Daily Task Note – Multiple Tasks

I have found that one way of tracking work for the day and planning the next task is to create one note and put the planned tasks due today in it. Sometimes I’ll even be inefficient and spend a minute or two grabbing tasks off of other notes that I want due today and putting them on that one note for the day. I’ll remove the “Due Today” tags from those notes I steal from. Now I can just keep checking that one task note as I work. I’ll also add notes about the tasks as I do them if there are things I want to reference later since my notebooks are fully searchable.

If you want to win the free premium upgrade for Evernote, don’t forget to leave a comment on the first post, by the way. We need at least 10 people to comment and it has to be done before midnight on Friday 7/23.

Upcoming Posts in the Getting Organized Series, subscribe to my feed to receive the next posts as they publish.

451 Degrees – Good For Notebooks – I talked about the main reason I came to a tool like Evernote is to replace my horrible notebooks that I can’t read or search. I’ll go into a little more details here, talk about some apps I’ve found useful alongside it and then I’ll talk about a few features I wish existed and some concerns about backing up notes, etc.

As Always – I look forward to hearing from you about what I’m missing or what makes sense (more of the former though, I like learning new ways)

Mike Walsh
Article by Mike Walsh
Mike loves mentoring clients on the right Systems or High Availability architectures because he enjoys those lightbulb moments and loves watching the right design and setup come together for a client. He started Straight Path in 2010 when he decided that after over a decade working with SQL Server in various roles, it was time to try and take his experience, passion, and knowledge to help clients of all shapes and sizes. Mike is a husband, father to four great children, and a Christian. He’s a volunteer Firefighter and EMT in his small town in New Hampshire, and when he isn’t playing with his family, solving SQL Server issues, or talking shop, it seems like he has plenty to do with his family running a small farm in NH raising Beef Cattle, Chickens, Pigs, Sheep, Goats, Honeybees and who knows what other animals have been added!

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5 thoughts on “Getting Organized – The Death of a Task, Man”

  1. Pingback: Ted Krueger
  2. Pingback: Jorge Segarra
  3. Great series! …. I am struggling with the same to-do “want to” vs. “reality”, but I really feel that since all my stuff is really converging in Evernote, the thing that made my to-do fall-down in the past was the habit of going to look at them… it seems like this will be much more frequently visited, and maintained.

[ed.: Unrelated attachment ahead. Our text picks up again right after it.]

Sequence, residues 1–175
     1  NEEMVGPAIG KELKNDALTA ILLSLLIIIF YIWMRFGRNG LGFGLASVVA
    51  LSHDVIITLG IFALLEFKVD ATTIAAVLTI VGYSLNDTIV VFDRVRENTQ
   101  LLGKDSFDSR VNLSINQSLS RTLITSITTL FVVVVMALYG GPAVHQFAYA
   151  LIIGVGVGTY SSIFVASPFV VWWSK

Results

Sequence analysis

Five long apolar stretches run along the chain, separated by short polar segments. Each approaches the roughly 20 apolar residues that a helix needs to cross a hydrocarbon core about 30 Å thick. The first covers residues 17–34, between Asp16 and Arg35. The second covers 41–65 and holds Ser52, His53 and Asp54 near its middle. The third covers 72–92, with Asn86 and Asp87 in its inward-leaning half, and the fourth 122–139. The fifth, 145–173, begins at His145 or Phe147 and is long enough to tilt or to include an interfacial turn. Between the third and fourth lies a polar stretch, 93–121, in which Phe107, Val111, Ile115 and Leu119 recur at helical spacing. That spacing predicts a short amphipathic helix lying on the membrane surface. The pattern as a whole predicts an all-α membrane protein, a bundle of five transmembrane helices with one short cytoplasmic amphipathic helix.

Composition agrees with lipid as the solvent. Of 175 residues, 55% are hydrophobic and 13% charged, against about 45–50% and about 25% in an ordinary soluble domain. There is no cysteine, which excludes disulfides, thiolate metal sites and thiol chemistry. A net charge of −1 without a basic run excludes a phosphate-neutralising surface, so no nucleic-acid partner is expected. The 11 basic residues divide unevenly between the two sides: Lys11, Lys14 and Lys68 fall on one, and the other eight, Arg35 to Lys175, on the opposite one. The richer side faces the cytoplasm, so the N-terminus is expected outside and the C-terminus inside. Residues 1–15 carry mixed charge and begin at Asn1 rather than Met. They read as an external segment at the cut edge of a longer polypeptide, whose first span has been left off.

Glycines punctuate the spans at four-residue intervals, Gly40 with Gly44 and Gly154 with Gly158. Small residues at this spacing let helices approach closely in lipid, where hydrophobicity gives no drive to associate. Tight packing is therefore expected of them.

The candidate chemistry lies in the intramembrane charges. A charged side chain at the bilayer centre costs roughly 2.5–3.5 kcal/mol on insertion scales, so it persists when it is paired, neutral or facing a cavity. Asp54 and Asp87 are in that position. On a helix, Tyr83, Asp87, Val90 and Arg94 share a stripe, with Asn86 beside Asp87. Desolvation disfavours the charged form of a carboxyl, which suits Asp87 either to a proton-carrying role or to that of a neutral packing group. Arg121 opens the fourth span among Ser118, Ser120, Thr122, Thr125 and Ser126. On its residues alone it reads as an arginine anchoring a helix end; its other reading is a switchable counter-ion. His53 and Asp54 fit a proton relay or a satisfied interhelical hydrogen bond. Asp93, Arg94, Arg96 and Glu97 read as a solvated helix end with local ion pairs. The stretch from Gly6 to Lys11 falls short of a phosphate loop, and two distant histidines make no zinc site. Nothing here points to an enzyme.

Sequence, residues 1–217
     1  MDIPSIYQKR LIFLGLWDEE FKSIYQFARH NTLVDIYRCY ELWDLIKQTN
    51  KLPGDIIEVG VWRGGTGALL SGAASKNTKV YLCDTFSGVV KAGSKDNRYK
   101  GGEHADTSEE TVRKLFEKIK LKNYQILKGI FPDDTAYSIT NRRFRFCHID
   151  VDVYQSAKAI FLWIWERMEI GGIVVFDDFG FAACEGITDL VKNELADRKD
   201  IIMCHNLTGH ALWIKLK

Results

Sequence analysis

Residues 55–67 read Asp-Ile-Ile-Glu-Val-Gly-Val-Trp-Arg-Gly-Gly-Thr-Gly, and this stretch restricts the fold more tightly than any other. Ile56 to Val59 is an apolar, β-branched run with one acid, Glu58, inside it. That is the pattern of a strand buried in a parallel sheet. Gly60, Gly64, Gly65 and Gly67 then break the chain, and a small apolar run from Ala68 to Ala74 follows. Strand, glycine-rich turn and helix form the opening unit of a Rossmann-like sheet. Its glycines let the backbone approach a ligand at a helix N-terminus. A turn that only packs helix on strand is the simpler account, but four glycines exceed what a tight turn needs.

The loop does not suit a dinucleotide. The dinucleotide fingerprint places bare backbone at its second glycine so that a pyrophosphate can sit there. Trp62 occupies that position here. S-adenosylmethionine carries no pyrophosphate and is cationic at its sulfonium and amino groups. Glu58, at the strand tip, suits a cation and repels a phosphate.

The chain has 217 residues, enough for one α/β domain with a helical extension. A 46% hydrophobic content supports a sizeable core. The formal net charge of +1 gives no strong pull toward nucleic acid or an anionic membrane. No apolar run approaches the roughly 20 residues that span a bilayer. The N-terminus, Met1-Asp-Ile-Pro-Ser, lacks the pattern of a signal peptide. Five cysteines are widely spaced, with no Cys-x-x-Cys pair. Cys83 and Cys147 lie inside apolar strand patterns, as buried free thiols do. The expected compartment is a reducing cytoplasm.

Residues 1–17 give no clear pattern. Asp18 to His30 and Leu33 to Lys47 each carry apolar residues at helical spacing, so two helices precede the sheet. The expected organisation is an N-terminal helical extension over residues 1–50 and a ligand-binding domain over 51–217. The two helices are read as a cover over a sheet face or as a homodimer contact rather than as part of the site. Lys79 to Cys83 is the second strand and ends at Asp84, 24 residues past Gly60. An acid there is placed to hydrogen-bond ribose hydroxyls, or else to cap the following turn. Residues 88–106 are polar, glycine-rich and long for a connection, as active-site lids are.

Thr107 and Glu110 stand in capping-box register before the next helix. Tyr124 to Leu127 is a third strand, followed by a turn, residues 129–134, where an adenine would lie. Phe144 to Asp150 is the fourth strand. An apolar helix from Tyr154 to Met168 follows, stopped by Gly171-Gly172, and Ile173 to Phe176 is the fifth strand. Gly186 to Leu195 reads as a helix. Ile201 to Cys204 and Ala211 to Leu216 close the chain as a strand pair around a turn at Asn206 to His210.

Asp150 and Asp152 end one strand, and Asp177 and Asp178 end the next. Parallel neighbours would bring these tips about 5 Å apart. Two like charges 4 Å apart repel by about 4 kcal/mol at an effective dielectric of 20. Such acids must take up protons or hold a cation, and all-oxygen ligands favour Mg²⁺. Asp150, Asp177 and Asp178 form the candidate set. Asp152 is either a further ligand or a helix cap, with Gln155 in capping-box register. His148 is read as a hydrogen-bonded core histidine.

Also… I just restarted outlook for the first time since I installed this thing… and WOW…. I have an evernote button in outlook…. now I can pop an email directly to evernot, assign priority….. I really think this is going to stick.

  4. I agree that how much focus a task needs is just as important as how long it will take. I use a task manager (MyLifeOrganized.net) that allows you to set an effort level needed for a task. This allows me to pick a brain-dead task for when I’m having a bad day and need a “win” to get the momentum going in the right direction. I also have a priority classification system that kinda reflects how much I’m avoiding something: Now!, Gotta, Oughta, Wanna

    • Hi Chris –

      Thanks for your comments. Glad to hear that the amount of focus required isn’t that far off on a needs list. I will have to look at but at first glance I can tell you that I might end up shying away from such a tool. My success in task management seems to have an inverse relationship with the number of features, options, outlines, project hierarchies, etc.

      That is why a tool like evernote (or really any system that gives me the ability to take paperless notes, assign categories and folders or notebooks) is working out so well. I classify, prioritize (described in part 2) and do (described in this post) and that is all I want to be able to do (so far 🙂 ) The level of effort, I can see being helpful managing projects/workload as a consultant but for now it has the potential to overwhelm me and steer me away so I just add (FOCUS) to a task that requires quiet time, if that makes sense. I like your idea though and I am right there with you on the brain dead task for a bad day needing a win. With a newborn in the house currently (our third), I seem to have more of those “just let me get some easy stuff done, too tired to focus” kind of days. Having a pile of easy to check off items keeps me sane (or perhaps it is not sane that I need them there to make me feel sane? I digress…)

      I really like your priority system! I think each one of those has a corresponding priority from part 2 in this series (Now! = Due Today, Wanna = Due Someday, etc) but I think your naming is more descriptive and, I think, packs a psychological punch –> It makes you consciously think about what you mean when assigning a priority. “Due Someday” really means “wanna” but I’m not saying that and not necessarily thinking that. Using your system would help me sort out the Oughta’s from the Wanna’s, something that could be easily overlooked. I like it and may steal it 🙂